The moral of the story is that there must be a balance for everything, including network/computer/etc. security. There must be enough network/computer security to protect the network/computer/etc., but not too much network/computer/etc. security so that the network/computer equipment can function properly and the job can be done.
Some people have to connect their Ooma device behind their router, for many reasons. They find that their Ooma device won’t function properly, if their Ooma device’s static IP address isn’t placed in their router’s DMZ. And when their Ooma device is placed in their router’s DMZ, their Ooma phone service works great. These people certainly won’t go out and buy expensive equipment, when they can make a few software setting changes in their existing router to fix the problem. I haven’t heard any negative outcry from Ooma users that use the DMZ. In my case it works great.
When comparing the security risks of connecting an Ooma device directly to a modem; to the security risks for an Ooma device connected to a router’s LAN port, with the Ooma device using a static IP address and placed in the router’s DMZ; the security risks are almost the same. The Ooma device’s exposure to the Internet is almost the same. The exception is that many newer home and/or higher end routers will provide slightly better protection for a device placed in the router’s DMZ, using a static IP address; as compared to connecting the device directly to the modem. The Ooma router DMZ risks apply only to that one static IP address, assigned to the Ooma device by the router, which is placed in the router DMZ.
I wouldn’t worry about security either way the Ooma device is connected. But I’d make sure there is a mid level of security is turned on in the router, and all home computers on the router’s LAN has good firewall/virus protection software installed and configured.
One of the dangers of putting a device in a router’s DMZ, is failing to assign a static IP address to the intended device, before putting the device’s IP address in the DMZ.
An example is if an Ooma device’s non-static IP address is placed in the DMZ, after which the Ooma device is unpowered for a period of time. Than later a computer on the same router is powered. While the Ooma device is unpowered, the router could automatically assign the IP address that is in the DMZ, to the newly powered computer. Than that computer becomes exposed to the Internet and there could be security problems for that computer. So the rule is never place a device in the router DMZ without reserving a static IP address in the router, for the intended DMZ device first.
It’s always a good idea to run virus/firewall protection software on all of your computers, especially if you are concerned and unsure of how router static IP addresses are assigned etc.
Router manufactures use different terms to say the same things. They are just using different words. To be precise, my router doesn’t say Reject, it says Blocked. I don’t know if the term Blocked, used by my router manufacture, has the same meaning as Dropped.
I have never enabled WAN Ping Respond other than for testing. I believe this is why I have so few logged attempts on my Ooma Telo’s router DMZ static IP address.
If you have to put an Ooma box in the DMZ to resolve your Ooma’s performance issues you are treating the effect not the cause of your issue.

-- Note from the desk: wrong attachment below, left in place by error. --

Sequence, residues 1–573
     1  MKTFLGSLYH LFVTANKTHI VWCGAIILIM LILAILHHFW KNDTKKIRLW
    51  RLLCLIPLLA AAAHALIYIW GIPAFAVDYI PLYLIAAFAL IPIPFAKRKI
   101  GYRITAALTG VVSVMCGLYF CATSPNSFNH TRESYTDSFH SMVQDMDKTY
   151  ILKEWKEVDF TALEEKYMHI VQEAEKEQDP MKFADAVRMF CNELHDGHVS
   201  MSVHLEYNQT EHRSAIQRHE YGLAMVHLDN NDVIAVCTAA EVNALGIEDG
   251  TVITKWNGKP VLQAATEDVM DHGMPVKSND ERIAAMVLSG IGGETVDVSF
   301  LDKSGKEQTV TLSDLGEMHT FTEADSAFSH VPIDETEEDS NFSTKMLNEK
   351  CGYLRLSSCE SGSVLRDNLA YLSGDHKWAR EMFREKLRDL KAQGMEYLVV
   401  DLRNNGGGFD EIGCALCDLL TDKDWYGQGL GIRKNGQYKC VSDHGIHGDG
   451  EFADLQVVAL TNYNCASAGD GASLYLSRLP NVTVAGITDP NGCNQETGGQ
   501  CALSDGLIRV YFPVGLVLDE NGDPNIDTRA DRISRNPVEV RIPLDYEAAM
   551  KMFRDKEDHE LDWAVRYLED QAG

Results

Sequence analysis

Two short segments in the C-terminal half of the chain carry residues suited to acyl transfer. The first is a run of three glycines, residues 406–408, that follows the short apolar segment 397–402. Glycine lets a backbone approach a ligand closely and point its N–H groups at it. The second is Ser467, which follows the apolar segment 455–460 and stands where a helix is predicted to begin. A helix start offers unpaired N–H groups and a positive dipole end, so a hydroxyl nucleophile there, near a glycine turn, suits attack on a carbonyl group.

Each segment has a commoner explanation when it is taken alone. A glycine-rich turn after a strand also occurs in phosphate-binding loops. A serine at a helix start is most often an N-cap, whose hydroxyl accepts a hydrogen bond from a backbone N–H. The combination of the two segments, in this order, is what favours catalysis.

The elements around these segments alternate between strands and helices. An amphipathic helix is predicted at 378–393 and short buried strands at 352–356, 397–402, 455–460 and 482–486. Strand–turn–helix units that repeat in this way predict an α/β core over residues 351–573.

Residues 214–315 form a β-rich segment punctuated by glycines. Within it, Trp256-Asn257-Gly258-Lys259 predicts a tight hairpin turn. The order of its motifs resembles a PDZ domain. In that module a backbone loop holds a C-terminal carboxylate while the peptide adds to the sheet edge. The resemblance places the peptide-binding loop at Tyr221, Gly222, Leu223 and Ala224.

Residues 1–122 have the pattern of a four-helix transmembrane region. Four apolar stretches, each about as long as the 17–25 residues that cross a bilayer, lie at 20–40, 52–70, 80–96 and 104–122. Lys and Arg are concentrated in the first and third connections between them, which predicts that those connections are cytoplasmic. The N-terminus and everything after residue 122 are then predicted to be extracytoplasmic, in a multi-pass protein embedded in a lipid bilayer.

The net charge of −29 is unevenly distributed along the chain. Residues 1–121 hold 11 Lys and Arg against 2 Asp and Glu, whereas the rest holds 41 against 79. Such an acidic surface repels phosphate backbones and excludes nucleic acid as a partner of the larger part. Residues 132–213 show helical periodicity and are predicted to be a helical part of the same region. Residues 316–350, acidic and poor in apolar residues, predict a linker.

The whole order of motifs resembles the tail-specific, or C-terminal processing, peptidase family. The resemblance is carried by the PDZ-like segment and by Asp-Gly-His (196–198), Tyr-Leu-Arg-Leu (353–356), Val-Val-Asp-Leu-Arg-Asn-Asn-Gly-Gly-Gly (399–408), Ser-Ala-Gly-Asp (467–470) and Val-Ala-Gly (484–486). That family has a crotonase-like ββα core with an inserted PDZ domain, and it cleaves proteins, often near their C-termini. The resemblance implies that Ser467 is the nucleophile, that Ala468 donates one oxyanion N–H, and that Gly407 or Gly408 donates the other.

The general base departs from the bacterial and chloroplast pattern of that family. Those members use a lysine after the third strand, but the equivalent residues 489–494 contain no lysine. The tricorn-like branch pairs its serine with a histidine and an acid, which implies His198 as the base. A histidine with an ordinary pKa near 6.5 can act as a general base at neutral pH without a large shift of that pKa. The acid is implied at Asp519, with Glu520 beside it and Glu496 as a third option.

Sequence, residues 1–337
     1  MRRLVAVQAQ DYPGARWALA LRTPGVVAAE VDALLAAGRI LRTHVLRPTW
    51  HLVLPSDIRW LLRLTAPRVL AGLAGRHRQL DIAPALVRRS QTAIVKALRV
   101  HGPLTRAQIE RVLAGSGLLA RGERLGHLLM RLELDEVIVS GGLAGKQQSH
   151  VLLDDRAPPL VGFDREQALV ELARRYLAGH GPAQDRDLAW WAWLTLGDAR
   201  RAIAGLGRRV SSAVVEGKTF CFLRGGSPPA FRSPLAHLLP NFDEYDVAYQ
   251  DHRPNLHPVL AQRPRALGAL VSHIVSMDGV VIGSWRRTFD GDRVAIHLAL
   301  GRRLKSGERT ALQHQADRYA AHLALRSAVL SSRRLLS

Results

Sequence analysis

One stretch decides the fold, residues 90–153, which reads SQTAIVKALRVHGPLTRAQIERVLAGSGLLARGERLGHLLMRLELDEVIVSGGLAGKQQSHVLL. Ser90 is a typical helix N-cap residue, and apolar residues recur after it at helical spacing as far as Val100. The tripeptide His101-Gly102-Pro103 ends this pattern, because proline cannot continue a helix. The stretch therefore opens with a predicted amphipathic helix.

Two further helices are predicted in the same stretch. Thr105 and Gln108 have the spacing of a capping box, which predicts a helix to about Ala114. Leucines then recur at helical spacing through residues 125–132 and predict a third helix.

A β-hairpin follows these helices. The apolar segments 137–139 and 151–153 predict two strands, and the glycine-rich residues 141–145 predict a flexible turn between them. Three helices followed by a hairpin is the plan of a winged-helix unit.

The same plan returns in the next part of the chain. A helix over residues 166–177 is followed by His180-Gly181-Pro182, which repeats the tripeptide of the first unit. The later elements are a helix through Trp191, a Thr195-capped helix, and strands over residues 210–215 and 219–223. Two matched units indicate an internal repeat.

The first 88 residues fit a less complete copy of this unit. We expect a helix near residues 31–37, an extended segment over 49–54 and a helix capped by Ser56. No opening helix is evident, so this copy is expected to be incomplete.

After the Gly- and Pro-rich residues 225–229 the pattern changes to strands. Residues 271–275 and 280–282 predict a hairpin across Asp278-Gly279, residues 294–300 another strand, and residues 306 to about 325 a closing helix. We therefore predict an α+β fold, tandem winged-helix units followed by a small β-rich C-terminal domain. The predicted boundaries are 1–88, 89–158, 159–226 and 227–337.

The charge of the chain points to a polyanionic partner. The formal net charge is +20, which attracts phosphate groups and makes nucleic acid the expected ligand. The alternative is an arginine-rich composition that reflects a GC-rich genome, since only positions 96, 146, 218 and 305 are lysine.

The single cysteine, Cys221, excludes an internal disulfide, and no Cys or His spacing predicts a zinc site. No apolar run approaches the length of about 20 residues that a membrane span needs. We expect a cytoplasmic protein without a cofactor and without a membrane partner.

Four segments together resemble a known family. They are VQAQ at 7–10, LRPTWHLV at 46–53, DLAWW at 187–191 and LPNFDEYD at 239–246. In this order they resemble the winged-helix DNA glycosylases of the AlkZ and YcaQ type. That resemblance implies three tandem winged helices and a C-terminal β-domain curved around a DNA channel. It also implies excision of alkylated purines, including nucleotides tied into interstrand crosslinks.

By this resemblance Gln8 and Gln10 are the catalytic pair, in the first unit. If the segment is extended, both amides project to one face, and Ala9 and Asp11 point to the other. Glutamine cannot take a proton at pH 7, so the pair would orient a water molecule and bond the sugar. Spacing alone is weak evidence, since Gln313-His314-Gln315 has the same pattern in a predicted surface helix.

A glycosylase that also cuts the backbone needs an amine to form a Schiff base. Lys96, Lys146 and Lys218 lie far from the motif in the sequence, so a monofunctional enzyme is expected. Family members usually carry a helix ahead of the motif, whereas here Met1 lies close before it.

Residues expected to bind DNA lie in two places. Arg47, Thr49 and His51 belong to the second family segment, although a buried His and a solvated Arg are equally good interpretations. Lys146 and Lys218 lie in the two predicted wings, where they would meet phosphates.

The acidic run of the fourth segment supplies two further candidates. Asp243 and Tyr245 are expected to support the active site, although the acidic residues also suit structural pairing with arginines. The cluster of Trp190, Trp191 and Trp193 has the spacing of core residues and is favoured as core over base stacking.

Why not just help them resolve the real network issue? In the DMZ their issue is still there they just can't see it...
Most of the issues they experience can be resolved with troubleshooting the router no need to buy new equipment unless the router is bad....Before you say that I recommended replacing it please read the circumstances under which I did recommend replacing the router.
If I were to follow your logic and tell it in a story it would go something like this. A man goes to the doctor and tells his doctor my left arm hurts, the doctor says, okay use your right arm instead…
Of note, my wife just told me that she is going to put me in the DMZ and turn off the firewall if I don’t get ready for a dinner (she thinks that she is so funny but I think that she really means it this time) so that’s all for tonight
I have seen forum recommendations to place the Ooma device in the DMZ, in year 2008, very near Ooma's beginning.
I have never seen one post where anyone said there was a problem.
If you are using Internet and virus security, like Norton Internet Security, with the Norton Internet Security Network Security Map properly configured, with the Ooma IP "Trust Level" set to Restricted, on each of your computers, when placing the Ooma device in the DMZ, you will be okay. I have tried to access Ooma Setup through port forwarding using the reserved IP Ooma address that is in my DMZ. Unless Norton Internet Security is disabled, Norton blocks any Ooma LAN traffic to/from any other device on my LAN. I can't access Ooma Setup until I temporarily disable Norton Internet Security.
Would you mind stating the source of your data? I'd be interested in reading this documentation.thunderbird wrote:There are probably tens of thousands of Ooma customers using their router DMZ for their Ooma device to operate properly.
Finally, you are acknowledging that by using the DMZ you are, in essence, weakening the very security a router/firewall provides and putting the rest of your network at risk. Are you not? Why else would you suggest the need to beef up the security of your LAN devices and protect them from each other?thunderbird wrote:If you are using Internet and virus security, like Norton Internet Security, with the Norton Internet Security Network Security Map properly configured, with the Ooma IP "Trust Level" set to Restricted, on each of your computers, when placing the Ooma device in the DMZ, you will be okay. I have tried to access Ooma Setup through port forwarding using the reserved IP Ooma address that is in my DMZ. Unless Norton Internet Security is disabled, Norton blocks any Ooma LAN traffic to/from any other device on my LAN. I can't access Ooma Setup until I temporarily disable Norton Internet Security.
I think you have proved our point. However, if you wish to foolishly continue advocating the use of the DMZ, you should also include your paragraph above letting the user know that they will have to take additional steps to protect the rest of their network. The user needs to know the risks involved in order to decide if your remedy is right for them. That is all I am asking.